“Aut inveniam viam aut faciam” (or “Aut viam inveniam aut faciam”) is Latin for “I shall either find a way or make one.”

Lo and behold the second version is in the grid. Highlight it. So how were we supposed to be amending the across clues. Well, brAVo gives us avenue, peer could be peSTer, and so on presumably. I’m going to say that’s Ok, a fairly quick solve that I enjoyed thoroughly. A slightly odd solving experience with bits of the wordplay having to be half guessed at, at least in this neck of the woods. The last bit of the quote also caused much hilarity here when I attempted to pronounce it, in a Life of Brian sort of way…


Something different this Tuesday, a novel sort of pangram, cleverly described by Muffyword at Fifteensquared as “… a kind of doubled-up Noah’s Ark for rare letters, indicated by the answer to 1 Across”. In fact it’s a single pangram, but with four each of J, X, Q and Z. With the exception of 18d, which will be familiar to neurobiologists and readers of Henry Miller, the grid is gratifyingly free of obscurities – so jolly well done, Raich.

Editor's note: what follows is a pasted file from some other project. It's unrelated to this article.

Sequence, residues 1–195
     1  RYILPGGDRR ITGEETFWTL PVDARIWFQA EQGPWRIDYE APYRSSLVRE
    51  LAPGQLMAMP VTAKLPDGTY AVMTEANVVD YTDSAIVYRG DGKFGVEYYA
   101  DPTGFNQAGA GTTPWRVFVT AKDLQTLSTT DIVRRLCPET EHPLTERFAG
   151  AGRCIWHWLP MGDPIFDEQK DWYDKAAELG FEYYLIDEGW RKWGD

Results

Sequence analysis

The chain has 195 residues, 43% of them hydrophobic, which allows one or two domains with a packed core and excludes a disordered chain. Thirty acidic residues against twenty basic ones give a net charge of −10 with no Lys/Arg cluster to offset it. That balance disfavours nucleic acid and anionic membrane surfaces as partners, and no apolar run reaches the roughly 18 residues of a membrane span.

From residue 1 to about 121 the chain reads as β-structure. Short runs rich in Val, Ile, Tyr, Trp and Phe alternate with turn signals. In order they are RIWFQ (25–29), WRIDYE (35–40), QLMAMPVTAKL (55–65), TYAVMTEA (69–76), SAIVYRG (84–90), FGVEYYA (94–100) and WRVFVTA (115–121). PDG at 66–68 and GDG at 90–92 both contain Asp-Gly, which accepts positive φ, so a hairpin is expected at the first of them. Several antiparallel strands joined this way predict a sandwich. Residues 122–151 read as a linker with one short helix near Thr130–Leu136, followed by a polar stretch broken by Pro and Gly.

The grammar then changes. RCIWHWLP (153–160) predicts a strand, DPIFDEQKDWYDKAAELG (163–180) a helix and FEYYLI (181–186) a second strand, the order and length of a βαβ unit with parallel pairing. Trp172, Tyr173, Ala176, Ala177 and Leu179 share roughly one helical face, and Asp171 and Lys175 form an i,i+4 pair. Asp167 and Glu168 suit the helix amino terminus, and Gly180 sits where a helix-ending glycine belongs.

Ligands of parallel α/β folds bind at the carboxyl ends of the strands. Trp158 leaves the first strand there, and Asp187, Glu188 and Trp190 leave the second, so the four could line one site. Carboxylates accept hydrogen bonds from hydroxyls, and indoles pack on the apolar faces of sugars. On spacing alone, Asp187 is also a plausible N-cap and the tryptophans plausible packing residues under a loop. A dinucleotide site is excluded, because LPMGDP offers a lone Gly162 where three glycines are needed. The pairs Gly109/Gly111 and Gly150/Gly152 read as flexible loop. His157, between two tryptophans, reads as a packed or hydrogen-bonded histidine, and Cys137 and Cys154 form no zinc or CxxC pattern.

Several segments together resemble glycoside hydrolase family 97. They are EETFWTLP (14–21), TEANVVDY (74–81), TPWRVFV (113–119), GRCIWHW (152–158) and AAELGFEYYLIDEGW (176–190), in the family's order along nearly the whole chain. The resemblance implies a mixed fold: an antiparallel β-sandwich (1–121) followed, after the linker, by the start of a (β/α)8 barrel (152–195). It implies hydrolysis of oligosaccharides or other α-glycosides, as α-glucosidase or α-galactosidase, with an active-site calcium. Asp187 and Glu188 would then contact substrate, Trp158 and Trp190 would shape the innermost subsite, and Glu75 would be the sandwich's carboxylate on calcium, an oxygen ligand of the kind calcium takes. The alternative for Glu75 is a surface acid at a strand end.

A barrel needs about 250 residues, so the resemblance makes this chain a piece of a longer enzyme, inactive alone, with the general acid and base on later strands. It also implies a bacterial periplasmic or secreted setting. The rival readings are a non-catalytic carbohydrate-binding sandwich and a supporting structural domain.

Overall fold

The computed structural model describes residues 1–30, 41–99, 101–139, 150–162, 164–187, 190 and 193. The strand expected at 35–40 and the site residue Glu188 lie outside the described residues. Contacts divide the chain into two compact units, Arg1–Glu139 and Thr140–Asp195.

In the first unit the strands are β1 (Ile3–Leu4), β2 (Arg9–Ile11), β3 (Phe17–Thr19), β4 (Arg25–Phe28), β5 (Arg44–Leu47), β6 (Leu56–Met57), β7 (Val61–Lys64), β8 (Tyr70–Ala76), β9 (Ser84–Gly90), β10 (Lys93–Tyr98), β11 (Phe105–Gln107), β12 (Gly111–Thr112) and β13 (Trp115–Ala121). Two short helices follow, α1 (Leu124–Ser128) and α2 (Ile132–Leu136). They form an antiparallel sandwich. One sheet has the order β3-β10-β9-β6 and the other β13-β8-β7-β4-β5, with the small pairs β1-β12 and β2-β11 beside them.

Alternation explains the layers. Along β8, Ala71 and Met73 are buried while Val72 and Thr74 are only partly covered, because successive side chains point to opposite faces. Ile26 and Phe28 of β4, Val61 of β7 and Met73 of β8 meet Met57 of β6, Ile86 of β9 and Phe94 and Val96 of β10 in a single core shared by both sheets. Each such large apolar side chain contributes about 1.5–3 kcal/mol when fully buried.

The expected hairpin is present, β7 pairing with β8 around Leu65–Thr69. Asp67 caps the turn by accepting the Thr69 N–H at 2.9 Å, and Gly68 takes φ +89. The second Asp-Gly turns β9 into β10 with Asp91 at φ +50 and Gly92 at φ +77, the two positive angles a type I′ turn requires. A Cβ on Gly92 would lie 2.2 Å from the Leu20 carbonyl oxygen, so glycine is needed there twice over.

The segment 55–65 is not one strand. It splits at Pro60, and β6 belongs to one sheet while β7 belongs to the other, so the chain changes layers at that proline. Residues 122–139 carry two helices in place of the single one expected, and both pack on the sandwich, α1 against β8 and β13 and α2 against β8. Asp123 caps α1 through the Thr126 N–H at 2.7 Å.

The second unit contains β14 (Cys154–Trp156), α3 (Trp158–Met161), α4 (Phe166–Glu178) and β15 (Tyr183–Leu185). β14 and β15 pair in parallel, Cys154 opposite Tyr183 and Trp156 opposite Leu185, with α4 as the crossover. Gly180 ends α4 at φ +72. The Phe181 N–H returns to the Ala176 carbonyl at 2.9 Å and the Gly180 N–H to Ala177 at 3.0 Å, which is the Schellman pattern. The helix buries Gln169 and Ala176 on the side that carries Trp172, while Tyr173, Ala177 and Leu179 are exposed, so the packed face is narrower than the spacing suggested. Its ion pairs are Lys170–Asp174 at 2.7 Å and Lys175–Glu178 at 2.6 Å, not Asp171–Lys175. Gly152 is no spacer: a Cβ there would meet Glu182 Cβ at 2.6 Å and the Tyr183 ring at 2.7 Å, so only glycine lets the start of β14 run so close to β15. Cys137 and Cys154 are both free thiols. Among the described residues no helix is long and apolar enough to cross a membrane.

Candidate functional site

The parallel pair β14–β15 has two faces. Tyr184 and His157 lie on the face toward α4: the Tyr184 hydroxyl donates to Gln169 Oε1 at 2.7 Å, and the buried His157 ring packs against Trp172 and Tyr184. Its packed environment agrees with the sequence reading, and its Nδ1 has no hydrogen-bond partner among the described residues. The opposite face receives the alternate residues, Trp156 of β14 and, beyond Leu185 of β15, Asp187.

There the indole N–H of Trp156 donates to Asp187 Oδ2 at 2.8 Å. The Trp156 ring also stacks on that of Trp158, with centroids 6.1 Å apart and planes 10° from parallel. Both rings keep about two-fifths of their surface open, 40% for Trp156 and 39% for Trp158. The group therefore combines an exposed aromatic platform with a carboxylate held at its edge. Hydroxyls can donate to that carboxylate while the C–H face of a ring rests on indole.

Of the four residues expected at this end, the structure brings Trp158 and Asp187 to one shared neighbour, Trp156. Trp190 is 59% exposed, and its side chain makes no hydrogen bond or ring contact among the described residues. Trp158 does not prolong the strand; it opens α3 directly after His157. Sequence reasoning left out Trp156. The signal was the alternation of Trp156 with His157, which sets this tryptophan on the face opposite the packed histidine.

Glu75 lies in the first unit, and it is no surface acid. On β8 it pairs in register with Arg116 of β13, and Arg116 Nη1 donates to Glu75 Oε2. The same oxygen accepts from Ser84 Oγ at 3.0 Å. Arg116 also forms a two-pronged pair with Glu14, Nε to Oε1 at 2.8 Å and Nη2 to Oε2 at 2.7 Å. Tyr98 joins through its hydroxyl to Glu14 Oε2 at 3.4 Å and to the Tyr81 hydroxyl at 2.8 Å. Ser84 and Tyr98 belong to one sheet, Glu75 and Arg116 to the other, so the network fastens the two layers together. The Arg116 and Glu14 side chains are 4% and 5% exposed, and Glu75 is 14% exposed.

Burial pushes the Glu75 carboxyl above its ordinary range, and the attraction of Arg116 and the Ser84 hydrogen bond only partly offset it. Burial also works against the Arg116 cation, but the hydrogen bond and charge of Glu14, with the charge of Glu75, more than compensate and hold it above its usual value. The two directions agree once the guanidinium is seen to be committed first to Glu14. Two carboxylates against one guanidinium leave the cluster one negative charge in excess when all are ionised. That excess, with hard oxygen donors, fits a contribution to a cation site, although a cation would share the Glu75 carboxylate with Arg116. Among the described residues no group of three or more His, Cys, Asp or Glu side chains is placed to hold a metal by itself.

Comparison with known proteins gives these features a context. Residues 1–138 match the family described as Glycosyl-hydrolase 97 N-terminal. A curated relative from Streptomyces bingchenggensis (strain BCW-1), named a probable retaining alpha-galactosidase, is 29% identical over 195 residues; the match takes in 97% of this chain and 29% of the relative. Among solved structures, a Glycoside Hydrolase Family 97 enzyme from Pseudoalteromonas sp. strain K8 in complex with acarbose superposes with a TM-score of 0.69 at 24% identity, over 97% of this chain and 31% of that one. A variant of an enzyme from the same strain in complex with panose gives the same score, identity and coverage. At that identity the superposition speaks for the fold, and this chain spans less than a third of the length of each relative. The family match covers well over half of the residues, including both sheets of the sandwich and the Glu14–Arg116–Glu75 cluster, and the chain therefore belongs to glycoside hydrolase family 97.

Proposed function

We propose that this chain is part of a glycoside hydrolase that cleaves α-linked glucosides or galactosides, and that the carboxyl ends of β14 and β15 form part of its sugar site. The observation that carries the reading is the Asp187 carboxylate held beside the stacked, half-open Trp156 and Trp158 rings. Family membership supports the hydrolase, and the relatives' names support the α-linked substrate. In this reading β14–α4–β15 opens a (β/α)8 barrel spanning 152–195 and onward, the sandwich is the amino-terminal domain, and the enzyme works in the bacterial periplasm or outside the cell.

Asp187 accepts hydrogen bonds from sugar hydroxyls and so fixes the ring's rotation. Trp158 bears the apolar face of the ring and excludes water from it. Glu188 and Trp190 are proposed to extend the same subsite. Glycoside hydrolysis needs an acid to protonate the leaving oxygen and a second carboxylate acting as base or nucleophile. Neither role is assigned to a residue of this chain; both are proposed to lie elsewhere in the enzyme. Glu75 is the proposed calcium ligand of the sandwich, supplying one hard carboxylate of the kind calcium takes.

That’s not to say that some of the solutions aren’t funny looking words, of course, which led to an unusual amount of exercise for the eyebrows. All rather entertaining, with plenty of ticks. My favourite today was 14ac, a bit cumbersome maybe, but amusing too:

“Like an Orange monarch, when knight’s ignored nasty blaze, small at first (10)”

I’d like to direct Cornick’s attention to comment no. 13 on the original September 2013 blog, which may well provoke a smile.